Circling the monument, I walked to the north to gather my thoughts, and there I found a huge open space. To the rear of this space, facing the monument of Marianne, was a long wooden wall surrounding a work zone of some sort, with the the Latin motto of Paris painted in huge letters: fluctuat nec mergitur, or “tossed but not sunk.” Hopefully those families will be like Paris: tossed by the waves but not able to sink.
This open space was occupied by about 30 adolescent boys and some adult men, all skateboarding or watching the others. There were no loud noises, just the low scratchy sound of a hundred plastic wheels on pavement, and the regular small claps of riders landing their ollie or other trick.
Literally facing the memorial to those lost in the attacks were dozens of kids, enjoying their afternoon: a real-life symbol of life and freedom. In that moment, these youth of various ethnicities, out to enjoy their hobby, represented the entirety of the French people: who will go on and live lives full of liberty, equality and brotherhood.
It’s been three weeks since the attacks
Right after the attacks, one friend offered “help” if I needed it, implying but never saying outright that I might need an escape plan. An acquaintance on Facebook said I was stronger than him, and that he would have come right back to the States.
To be honest, the idea certainly crossed my mind. In the days immediately following the attacks, in my paranoid distress, I wondered if I would need to go back to the US. If there were more attacks, I could get away on the next flight, but I didn’t know if my husband could come. Or if he would leave his country in such difficult conditions.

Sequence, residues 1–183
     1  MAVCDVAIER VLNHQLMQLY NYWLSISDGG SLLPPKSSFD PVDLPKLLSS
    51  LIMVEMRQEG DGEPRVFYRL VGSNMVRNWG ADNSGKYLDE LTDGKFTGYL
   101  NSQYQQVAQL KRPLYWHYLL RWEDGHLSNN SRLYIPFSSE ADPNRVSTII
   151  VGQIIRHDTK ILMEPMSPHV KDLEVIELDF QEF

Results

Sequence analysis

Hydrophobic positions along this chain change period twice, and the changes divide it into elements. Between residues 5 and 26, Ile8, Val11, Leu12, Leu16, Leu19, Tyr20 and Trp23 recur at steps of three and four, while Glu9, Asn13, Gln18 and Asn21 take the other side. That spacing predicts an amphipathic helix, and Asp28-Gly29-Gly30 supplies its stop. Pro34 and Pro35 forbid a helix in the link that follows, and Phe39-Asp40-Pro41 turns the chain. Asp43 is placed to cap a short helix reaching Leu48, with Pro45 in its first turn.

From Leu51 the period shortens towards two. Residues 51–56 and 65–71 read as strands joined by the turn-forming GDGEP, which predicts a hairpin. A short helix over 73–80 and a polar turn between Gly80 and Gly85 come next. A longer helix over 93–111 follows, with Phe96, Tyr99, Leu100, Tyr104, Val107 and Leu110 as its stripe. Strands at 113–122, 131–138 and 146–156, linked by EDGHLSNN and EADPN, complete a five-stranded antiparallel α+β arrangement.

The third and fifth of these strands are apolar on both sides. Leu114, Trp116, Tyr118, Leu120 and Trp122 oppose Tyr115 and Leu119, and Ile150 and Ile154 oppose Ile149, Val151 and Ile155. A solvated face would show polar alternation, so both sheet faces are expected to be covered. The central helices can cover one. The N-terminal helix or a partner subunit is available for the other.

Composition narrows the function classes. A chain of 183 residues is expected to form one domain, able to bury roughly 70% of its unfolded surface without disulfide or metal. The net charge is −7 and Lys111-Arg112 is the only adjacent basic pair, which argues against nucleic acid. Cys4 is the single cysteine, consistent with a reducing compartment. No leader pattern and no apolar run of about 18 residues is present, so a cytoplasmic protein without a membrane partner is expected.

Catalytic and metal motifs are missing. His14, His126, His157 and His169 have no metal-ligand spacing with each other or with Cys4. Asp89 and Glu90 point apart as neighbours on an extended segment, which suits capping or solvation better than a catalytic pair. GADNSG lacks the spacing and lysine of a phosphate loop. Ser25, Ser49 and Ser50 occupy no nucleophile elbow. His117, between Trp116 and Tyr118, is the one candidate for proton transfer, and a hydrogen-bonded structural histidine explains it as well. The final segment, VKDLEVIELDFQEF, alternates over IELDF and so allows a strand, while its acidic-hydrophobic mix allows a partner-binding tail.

I discussed this with noone. Rationally, I knew that I was in shock and that after some time, my emotions would calm down. And they did. The fear has now subsided, and life feels much more normal and as safe as before.
I no longer worry about another imminent attack, and I feel reassured that the government has killed or has detained those responsible. They also detained or arrested hundreds of potential or suspected terrorists and confiscated weapons. Taking advantage of the relaxed protection of individual rights inherent in an official State of Emergency, the French government continues to target potentially radicalized individuals as it strives to prevent future attacks. While a couple of co-conspirators have fled to Belgium or beyond, their distance from Paris is a comfort to me.
Of course, life has not returned completely to normal, with military personnel and police making their presence well known. There are extra guards in many public buildings and museums, as well as in the business offices where I teach. Bags are opened and inspected, and metal detectors are in place everywhere. There are still daily delays in the metro due to suspicious packages. Security is certainly tighter to say the least.
And now, is moving to central Paris still the dream?
I’ve gone walking in some of the loveliest parts of Paris at various moments in the last two weeks, and each minute in that romantic place draws me in. Walking the pedestrian-only streets with their open markets and the cafe terraces, I’m enthralled and simply want to spend more time in those spaces, walking those streets, looking at that elegant architecture.
In those moments, I feel more whole and at home than I have in any other city. So, yes! I do want to move to central Paris. I choose to live my life with a certain joie de vivre that my family – American and French – has taught me!
Here you can watch a 2 minute video I made of my visit to the memorial at la Place de la République (skateboarders included):